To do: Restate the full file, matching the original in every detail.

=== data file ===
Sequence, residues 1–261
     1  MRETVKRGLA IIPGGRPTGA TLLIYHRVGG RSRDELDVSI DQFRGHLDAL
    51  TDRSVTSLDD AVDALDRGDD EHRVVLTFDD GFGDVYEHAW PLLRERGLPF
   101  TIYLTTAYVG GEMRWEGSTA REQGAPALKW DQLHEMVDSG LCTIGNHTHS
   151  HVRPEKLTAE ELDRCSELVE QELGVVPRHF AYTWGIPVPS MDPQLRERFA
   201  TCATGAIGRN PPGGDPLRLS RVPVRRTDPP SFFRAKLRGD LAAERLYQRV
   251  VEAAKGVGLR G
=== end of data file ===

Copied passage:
Sequence, residues 1–261
     1  MRETVKRGLA IIPGGRPTGA TLLIYHRVGG RSRDELDVSI DQFRGHLDAL
    51  TDRSVTSLDD AVDALDRGDD EHRVVLTFDD GFGDVYEHAW PLLRERGLPF
   101  TIYLTTAYVG GEMRWEGSTA REQGAPALKW DQLHEMVDSG LCTIGNHTHS
   151  HVRPEKLTAE ELDRCSELVE QELGVVPRHF AYTWGIPVPS MDPQLRERFA
   201  TCATGAIGRN PPGGDPLRLS RVPVRRTDPP SFFRAKLRGD LAAERLYQRV
   251  VEAAKGVGLR G